“They love to have the place of honor at banquets and the best seats in the synagogue, and to be greeted with respect in the marketplaces, and to be called rabbi.” This is a reference to self-importance.  Pharisees were very respected for their knowledge of and their teaching of and their practice of the Torah.  They are being accused of doing so only for public acclaim.

The Gospel writer shows Jesus saying to the crowds and to his disciples, But YOU do not act like this.  None of YOU call yourselves rabbi as you all learn from the Messiah.  None of YOU flaunts yourself as having any sort of importance. Because YOU know, as it states in verse 11: “The greatest among you will be your servant.  All who exalt themselves will be humbled, and all who humble themselves will be exalted.”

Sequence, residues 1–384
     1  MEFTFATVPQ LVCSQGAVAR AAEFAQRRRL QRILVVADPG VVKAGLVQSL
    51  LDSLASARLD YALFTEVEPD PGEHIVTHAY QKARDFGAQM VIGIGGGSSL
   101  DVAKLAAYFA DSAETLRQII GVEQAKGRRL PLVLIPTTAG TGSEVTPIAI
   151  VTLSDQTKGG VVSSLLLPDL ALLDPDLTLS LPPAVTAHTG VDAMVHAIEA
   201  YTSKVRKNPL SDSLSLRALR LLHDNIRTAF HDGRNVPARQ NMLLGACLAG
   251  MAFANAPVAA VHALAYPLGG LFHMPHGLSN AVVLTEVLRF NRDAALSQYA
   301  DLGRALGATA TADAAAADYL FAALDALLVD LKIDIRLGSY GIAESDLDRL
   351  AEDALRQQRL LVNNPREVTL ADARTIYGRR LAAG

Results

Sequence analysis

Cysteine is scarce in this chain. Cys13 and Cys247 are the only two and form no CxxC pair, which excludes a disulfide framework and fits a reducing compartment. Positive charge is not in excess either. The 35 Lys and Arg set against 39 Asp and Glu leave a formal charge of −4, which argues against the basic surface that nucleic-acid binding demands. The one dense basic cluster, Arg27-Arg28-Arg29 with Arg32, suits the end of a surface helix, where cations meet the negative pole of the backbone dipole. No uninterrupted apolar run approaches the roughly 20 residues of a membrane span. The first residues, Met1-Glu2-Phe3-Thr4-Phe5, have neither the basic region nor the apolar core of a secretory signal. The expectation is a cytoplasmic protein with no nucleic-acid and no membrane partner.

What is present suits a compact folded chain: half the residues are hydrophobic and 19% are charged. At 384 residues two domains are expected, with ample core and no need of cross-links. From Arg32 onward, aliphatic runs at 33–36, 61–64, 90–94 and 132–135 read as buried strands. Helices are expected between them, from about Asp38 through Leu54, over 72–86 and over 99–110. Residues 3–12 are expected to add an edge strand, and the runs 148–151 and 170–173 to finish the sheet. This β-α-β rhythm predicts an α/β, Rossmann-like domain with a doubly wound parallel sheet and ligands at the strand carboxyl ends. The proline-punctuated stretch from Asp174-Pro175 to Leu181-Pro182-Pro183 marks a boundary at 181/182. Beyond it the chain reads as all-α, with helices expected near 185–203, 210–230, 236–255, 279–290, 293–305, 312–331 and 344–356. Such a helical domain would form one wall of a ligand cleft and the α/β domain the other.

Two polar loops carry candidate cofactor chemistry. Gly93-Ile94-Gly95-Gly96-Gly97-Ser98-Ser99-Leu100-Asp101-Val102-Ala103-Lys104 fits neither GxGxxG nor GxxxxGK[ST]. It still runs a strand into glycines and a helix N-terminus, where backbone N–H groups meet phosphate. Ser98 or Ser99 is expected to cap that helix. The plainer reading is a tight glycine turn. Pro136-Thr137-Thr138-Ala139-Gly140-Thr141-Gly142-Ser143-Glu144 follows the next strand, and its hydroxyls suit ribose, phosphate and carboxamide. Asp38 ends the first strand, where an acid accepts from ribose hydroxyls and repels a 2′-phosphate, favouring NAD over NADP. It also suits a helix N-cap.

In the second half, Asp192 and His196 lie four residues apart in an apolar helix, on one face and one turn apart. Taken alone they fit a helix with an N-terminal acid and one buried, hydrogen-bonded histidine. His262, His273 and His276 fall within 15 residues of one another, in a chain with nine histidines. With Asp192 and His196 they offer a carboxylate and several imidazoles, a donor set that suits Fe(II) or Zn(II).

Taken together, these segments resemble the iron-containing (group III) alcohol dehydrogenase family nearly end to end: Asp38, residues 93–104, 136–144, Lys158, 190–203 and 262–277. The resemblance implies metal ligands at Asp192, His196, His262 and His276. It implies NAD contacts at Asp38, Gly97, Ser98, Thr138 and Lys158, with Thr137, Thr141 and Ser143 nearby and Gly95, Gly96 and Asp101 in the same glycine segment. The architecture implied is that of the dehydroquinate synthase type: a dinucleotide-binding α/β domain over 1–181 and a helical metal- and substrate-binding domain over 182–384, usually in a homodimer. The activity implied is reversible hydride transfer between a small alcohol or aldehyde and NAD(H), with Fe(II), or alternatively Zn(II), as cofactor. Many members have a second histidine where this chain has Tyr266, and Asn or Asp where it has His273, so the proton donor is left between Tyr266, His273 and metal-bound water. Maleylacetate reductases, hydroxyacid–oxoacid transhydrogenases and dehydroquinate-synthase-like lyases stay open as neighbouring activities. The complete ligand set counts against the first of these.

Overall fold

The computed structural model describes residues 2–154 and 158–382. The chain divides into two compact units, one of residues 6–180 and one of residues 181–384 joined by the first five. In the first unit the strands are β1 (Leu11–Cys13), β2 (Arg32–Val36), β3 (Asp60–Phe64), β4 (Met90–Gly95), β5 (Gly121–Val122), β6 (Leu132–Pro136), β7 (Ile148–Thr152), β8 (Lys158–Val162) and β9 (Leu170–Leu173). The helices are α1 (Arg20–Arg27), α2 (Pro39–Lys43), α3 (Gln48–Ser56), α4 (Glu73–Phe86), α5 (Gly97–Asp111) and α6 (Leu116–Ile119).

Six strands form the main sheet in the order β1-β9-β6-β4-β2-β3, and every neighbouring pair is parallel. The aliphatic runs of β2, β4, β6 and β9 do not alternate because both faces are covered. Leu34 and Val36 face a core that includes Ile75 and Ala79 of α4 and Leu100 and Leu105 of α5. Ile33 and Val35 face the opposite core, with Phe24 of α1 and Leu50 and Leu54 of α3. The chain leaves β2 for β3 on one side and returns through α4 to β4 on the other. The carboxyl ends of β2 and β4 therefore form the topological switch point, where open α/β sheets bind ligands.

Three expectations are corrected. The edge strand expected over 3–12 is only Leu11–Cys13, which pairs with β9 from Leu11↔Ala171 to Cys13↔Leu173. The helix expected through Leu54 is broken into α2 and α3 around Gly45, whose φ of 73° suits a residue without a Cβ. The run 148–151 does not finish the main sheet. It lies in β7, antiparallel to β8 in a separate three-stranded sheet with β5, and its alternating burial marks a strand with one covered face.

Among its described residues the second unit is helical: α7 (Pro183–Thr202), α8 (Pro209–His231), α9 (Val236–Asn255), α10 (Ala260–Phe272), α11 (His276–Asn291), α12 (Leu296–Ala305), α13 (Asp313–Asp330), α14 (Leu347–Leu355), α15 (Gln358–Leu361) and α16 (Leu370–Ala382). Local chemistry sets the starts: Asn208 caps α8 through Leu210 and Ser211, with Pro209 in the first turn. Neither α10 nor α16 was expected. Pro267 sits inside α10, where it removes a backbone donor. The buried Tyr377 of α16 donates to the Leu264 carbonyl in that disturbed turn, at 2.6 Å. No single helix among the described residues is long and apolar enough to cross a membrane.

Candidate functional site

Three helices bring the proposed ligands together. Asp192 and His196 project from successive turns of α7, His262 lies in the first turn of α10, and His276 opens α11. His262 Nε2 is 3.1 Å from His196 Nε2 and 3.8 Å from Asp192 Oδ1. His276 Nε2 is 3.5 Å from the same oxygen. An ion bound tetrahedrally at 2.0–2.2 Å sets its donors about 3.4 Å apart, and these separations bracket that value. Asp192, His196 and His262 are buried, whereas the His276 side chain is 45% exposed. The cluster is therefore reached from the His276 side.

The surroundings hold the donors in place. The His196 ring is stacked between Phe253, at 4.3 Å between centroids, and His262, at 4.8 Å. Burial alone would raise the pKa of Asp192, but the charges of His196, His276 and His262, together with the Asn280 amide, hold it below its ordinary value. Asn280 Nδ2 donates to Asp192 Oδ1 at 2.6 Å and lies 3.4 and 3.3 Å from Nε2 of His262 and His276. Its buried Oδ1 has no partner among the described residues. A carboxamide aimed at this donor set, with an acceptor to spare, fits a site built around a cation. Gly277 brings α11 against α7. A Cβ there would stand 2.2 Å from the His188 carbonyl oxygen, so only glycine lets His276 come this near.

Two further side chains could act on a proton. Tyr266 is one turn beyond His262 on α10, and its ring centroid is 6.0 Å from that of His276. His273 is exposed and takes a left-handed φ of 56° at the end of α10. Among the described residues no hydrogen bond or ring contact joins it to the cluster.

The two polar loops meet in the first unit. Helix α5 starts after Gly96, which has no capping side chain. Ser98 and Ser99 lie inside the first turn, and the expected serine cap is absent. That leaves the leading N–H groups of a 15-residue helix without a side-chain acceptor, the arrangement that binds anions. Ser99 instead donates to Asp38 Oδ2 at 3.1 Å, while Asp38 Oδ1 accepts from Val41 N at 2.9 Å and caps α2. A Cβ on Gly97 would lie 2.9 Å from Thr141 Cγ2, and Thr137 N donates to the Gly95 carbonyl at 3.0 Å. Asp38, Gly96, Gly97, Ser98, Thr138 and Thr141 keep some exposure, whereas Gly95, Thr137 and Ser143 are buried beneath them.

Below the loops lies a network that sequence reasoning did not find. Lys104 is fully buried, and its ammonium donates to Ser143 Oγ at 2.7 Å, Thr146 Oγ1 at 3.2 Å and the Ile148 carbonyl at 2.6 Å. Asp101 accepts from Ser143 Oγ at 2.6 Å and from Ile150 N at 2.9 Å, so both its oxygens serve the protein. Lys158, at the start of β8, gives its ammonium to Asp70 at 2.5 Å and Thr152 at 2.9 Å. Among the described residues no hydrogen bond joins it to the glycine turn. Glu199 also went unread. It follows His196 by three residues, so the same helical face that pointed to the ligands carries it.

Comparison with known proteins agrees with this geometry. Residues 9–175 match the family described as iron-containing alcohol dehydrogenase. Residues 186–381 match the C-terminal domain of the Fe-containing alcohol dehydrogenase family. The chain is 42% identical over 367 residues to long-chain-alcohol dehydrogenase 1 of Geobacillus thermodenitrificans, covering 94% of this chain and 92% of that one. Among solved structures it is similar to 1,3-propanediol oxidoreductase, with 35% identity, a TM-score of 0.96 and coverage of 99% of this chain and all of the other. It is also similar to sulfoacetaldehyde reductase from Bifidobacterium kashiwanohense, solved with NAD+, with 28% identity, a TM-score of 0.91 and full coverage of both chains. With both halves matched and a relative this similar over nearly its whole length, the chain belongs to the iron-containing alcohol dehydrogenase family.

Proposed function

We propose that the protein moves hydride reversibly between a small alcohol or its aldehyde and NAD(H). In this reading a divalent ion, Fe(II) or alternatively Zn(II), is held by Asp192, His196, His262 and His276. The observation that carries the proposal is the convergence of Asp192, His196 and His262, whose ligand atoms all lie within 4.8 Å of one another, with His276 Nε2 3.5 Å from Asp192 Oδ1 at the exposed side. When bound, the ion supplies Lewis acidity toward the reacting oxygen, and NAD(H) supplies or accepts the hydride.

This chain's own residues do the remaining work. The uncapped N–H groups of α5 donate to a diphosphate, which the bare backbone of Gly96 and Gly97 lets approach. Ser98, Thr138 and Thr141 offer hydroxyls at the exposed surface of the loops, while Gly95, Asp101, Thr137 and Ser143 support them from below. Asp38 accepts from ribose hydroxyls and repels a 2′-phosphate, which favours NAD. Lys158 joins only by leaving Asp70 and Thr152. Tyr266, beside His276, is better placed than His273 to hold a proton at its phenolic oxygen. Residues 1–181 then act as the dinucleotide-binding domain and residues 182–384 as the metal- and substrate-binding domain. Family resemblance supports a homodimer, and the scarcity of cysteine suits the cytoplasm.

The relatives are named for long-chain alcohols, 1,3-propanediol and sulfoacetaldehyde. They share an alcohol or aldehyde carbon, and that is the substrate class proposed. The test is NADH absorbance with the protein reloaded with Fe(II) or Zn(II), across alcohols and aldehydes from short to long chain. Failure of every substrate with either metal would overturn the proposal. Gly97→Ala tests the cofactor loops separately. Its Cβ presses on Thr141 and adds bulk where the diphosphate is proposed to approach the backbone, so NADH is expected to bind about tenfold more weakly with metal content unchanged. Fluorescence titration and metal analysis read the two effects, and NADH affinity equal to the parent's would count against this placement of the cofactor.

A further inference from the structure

Hmmmmmm.   Really?  I wonder. Hypocrite. Hypocrite. Hypocrite.  I more than wonder, I think this text is really not about the Pharisees at all.  I think it is a mirror that the gospel writer is holding up to his rag tag community of believers in Jesus.  It is an opportunity for them to reflect on their own integrity.  It is a warning against hypocrisy, a warning to the followers of Jesus that they examine their own integrity in their own Torah observance; to examine their own integrity as followers of Jesus.

Hypocrite. The word makes me uncomfortable. How about you?  On one hand it could be our greatest fear that someone might think we are one.  On the other hand, I think often we are the last to realize it when it is true!  And sometimes we know we are hypocrites, but hope it won’t matter much.